collection of violence-laden comics and computer games that featured
"intensive weapons usage". Steinhäuser's mother told police
she had not noticed any unusual behaviour in her son, who was described
by officials and acquaintances as a gun club member who had few if any
A 60-year-old art and history teacher was hailed
across Germany as the "hero of Erfurt" yesterday for ending
the killing spree by a former student who rampaged through the local
In interviews with German media, Rainer Heise
described how he was supervising a painting class on Friday morning when
the shooting started. He went into the corridor and caught a glimpse of
the gunman and then dashed into the adjacent office, where he found the
headmistress trembling with shock and her deputy shot dead and slumped
over her desk. He called for help from the window and then locked
himself in the art cupboard.
But he heard Steinhäuser return, after shooting 16
people dead. Mr Heiseconfronted the black-clad gunman, removing his mask
and recognising him as one of his former pupils. In an account to ZDF
television, Mr Heise explained: "I said, 'Pull the trigger. If you
shoot me now, then look in my eyes.' So he looks at me, lowers the
pistol and says: 'That was enough for one day, Mr Heise'."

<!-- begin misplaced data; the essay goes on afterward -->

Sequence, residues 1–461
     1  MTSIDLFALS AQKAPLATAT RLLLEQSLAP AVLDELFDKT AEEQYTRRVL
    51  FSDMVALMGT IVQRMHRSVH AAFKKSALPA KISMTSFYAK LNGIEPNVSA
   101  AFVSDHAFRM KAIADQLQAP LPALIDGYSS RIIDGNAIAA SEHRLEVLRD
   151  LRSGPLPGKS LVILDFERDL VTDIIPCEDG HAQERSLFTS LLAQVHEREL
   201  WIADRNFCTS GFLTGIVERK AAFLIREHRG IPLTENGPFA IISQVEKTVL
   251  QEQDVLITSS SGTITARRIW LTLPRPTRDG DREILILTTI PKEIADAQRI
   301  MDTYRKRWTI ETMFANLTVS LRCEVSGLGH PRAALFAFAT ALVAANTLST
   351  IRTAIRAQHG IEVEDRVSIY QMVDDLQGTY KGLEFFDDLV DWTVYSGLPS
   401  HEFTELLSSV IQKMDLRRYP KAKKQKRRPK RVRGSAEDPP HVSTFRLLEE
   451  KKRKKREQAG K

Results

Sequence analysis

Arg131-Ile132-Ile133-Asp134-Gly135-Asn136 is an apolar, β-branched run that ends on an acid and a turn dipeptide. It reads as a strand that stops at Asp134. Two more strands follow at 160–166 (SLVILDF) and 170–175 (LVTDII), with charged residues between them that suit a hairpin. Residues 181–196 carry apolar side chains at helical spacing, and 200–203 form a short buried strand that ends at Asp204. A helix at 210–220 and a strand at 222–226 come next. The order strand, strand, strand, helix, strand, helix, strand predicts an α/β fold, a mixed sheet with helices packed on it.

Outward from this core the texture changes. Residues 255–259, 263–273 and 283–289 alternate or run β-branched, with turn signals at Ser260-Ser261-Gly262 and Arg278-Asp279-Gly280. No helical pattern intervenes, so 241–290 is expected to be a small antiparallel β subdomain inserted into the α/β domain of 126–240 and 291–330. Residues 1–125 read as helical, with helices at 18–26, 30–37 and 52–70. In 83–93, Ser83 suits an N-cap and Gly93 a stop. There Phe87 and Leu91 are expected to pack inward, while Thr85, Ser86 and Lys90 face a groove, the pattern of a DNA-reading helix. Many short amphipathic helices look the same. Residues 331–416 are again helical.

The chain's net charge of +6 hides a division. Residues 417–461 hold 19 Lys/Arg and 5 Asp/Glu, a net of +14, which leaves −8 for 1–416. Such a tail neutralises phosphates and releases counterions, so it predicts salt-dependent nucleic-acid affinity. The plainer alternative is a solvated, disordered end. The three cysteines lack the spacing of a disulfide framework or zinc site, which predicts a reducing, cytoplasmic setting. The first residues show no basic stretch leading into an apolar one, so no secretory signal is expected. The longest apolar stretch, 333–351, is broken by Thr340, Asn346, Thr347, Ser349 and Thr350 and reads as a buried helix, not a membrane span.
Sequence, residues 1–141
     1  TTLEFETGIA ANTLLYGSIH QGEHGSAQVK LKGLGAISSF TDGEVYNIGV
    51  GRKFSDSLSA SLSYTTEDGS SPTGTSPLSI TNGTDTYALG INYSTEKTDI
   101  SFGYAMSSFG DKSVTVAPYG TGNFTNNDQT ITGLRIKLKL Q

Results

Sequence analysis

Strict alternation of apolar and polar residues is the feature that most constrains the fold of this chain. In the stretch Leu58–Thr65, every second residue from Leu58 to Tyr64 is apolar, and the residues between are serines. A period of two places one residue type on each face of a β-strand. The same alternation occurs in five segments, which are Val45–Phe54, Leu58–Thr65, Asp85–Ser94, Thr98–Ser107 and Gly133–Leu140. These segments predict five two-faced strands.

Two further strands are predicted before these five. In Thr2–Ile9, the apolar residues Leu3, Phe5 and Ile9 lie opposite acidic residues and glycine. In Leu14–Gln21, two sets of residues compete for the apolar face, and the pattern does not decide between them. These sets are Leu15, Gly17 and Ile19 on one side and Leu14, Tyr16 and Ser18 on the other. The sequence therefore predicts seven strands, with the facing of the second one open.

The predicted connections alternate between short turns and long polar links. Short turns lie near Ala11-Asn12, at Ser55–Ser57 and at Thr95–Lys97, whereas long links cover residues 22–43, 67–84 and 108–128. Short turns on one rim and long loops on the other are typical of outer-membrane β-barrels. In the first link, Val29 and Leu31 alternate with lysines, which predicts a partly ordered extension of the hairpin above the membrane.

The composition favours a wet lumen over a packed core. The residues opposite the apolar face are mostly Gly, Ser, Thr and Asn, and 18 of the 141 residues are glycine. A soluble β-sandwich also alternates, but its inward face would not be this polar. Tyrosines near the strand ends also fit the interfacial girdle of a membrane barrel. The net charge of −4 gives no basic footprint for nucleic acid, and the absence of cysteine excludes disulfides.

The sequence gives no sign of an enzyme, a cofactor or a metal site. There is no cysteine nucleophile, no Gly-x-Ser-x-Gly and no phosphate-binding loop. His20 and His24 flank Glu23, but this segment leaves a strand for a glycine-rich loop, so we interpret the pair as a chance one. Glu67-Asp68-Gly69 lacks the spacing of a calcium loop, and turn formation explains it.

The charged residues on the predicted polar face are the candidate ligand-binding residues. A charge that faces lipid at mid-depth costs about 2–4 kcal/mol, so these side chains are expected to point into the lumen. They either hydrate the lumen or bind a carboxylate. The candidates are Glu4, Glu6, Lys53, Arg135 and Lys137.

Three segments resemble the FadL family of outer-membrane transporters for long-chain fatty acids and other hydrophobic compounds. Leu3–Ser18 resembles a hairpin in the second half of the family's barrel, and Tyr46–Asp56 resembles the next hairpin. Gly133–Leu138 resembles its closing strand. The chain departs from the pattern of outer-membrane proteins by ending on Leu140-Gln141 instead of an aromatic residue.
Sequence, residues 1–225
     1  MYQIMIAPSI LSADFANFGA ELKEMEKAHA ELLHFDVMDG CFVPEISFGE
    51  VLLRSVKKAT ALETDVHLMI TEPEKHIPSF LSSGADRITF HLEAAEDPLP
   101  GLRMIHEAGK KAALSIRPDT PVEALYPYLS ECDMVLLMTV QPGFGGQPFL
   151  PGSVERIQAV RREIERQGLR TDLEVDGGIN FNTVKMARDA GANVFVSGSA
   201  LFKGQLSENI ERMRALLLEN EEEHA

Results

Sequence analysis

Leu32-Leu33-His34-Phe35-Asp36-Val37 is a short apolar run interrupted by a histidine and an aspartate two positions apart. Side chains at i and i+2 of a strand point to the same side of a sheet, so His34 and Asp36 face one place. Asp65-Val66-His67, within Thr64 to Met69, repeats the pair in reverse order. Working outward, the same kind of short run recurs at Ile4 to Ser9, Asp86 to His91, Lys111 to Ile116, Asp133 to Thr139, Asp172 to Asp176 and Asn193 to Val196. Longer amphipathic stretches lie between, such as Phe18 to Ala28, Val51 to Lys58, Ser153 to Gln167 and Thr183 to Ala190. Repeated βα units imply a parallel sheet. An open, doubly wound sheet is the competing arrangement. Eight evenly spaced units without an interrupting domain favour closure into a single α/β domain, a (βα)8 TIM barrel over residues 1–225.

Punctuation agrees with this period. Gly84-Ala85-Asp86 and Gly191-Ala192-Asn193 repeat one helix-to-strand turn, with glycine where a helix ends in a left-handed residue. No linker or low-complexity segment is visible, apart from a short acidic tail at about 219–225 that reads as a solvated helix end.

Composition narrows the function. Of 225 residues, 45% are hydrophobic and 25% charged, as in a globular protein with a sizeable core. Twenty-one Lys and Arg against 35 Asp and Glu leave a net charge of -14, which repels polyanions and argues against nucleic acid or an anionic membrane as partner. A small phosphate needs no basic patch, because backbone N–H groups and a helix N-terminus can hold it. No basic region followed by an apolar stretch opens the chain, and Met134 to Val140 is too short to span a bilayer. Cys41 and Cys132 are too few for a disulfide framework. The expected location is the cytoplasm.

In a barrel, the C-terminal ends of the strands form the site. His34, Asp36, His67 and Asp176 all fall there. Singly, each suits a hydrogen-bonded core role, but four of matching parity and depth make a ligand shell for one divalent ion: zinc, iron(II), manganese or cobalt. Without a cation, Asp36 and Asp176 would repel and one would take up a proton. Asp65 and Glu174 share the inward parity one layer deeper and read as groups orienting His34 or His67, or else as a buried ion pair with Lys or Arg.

The teacher locked Steinhäuser into a room where he
was found by police in a pool of blood and with ammunition for a further
500 shots by his side.
Mr Heise said he did not know why he survived.
"Perhaps he just liked me. Perhaps he didn't think I was bad."
He also recalled an exchange between Steinhäuser and a teacher who was
to become one of his victims. When Hans Lippe caught Steinhäuser
smoking a cigar on a field trip in 2000, the student became
confrontational. "He had his hands in his pockets like this,"
Mr Heise said, putting three fingers in each front pocket of his
trousers and using his thumbs to form pretend pistols.
"The student was drunk. He walked toward Mr Lippe
and, with the cigar hanging from his mouth, he pointed the fingers at
him and said, 'Rat-a-tat-a-tat-a-tat, you're dead."'